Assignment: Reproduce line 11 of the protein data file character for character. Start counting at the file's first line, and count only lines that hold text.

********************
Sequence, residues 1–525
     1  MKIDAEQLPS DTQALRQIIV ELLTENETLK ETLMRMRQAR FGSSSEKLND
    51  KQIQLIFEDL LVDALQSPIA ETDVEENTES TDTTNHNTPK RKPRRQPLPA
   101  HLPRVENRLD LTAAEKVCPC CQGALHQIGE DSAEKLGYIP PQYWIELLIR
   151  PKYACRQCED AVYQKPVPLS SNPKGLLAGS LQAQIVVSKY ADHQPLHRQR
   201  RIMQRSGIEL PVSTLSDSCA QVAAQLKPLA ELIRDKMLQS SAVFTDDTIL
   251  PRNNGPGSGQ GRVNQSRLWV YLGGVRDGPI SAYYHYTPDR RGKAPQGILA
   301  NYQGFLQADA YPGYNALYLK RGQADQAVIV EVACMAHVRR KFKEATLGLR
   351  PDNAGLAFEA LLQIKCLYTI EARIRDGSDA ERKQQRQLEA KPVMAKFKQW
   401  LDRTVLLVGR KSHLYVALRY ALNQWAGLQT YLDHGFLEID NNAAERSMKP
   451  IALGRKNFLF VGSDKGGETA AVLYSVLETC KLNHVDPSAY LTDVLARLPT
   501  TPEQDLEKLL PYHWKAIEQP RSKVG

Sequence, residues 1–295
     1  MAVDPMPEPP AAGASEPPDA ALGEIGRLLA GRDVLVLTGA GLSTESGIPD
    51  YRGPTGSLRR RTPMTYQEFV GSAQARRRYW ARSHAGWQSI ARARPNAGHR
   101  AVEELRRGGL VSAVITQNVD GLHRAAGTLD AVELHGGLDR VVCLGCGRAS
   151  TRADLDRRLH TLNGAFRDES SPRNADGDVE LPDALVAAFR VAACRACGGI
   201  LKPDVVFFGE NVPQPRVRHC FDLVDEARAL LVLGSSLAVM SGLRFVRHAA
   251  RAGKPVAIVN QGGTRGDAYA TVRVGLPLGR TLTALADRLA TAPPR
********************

   451  IALGRKNFLF VGSDKGGETA AVLYSVLETC KLNHVDPSAY LTDVLARLPT